posted on April 10, 2013 |
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1. Schools’ operational costs are increasing.
2. Kids need STEM (Science, Technology, Engineering, and Math) education.
3. Natural disasters cause widespread power failures.
The Florida Solar Energy Center (FSEC), a research institute of the University of Central Florida, has one solution to all three problems: SunSmart Emergency Shelters.
When natural disasters occur, schools are often used as emergency shelters. FSEC is working with Florida utility companies to provide complete photovoltaic systems to schools across the state. These PV systems generate power every day, reducing the schools’ energy costs. FSEC is also providing educational materials and training teachers about renewable energy. These lessons are carried into the classrooms, providing students with valuable STEM education. And when natural disasters occur, each school becomes an emergency shelter that has its own electricity generating capabilities. Win-win … win.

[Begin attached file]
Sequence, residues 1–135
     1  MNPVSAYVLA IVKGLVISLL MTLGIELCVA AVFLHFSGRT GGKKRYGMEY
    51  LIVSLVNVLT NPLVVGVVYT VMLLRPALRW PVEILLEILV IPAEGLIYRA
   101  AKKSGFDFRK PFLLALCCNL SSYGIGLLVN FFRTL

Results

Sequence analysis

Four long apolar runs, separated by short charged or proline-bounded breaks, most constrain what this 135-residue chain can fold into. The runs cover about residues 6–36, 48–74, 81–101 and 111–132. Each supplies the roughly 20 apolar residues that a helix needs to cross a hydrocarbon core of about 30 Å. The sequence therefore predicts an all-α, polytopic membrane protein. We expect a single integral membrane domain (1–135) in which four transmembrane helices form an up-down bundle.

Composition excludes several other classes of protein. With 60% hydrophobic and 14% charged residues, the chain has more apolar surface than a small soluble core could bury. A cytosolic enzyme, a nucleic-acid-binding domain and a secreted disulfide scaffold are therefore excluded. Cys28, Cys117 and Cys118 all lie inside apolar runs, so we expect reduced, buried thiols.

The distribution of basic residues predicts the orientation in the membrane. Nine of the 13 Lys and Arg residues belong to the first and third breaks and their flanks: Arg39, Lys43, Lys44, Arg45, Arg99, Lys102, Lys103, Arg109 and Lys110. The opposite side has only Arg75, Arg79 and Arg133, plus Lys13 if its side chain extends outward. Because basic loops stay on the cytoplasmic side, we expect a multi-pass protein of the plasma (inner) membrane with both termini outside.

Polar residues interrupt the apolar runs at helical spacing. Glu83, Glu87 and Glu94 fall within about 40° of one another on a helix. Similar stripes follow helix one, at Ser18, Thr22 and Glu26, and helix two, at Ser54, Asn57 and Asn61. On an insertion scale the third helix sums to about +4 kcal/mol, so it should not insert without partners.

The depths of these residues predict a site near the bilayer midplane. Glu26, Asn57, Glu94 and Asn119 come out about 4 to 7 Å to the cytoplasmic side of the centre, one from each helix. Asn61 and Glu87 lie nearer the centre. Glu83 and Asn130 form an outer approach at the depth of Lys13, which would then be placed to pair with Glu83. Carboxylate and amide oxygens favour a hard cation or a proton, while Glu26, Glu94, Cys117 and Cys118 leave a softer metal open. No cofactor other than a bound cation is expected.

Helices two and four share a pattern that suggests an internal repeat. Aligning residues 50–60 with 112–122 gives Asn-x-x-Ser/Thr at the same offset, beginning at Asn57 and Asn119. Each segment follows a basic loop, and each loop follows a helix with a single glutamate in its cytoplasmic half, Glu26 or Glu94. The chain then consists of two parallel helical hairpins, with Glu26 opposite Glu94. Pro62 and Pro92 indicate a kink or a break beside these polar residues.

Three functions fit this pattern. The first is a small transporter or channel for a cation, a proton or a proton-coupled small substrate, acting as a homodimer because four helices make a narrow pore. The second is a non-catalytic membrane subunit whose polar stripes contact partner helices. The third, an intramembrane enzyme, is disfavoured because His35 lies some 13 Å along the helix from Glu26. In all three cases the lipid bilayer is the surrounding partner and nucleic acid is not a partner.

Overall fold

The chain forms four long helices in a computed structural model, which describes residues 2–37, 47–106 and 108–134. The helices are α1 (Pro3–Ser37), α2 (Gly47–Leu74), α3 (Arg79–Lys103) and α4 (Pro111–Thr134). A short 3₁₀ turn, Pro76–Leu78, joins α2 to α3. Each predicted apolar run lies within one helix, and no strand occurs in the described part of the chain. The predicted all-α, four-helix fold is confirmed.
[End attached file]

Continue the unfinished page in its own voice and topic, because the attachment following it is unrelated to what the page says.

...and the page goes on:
Each participating school receives a 10 kW photovoltaic system that includes a bimodal inverter (an inverter that can run stand-alone or grid-tied), batteries, and a battery charge controller. While the batteries won’t power the entire school during a power failure, they store enough energy to power critical loads and emergency equipment. The system also includes data collection hardware that’s used in the classrooms, showing students how much energy is generated and the reduction of the school’s carbon footprint as a result of using solar power.
In this video, a solar engineer with good musical taste describes the SunSmart system:
Images and video: Florida Solar Energy Center/University of Central Florida